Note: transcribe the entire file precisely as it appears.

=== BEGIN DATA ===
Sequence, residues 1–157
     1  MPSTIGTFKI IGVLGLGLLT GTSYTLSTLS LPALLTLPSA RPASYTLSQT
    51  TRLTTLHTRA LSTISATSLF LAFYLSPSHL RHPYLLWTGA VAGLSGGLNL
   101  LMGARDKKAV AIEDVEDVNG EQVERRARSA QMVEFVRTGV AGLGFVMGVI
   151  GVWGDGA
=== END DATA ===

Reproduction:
Sequence, residues 1–157
     1  MPSTIGTFKI IGVLGLGLLT GTSYTLSTLS LPALLTLPSA RPASYTLSQT
    51  TRLTTLHTRA LSTISATSLF LAFYLSPSHL RHPYLLWTGA VAGLSGGLNL
   101  LMGARDKKAV AIEDVEDVNG EQVERRARSA QMVEFVRTGV AGLGFVMGVI
   151  GVWGDGA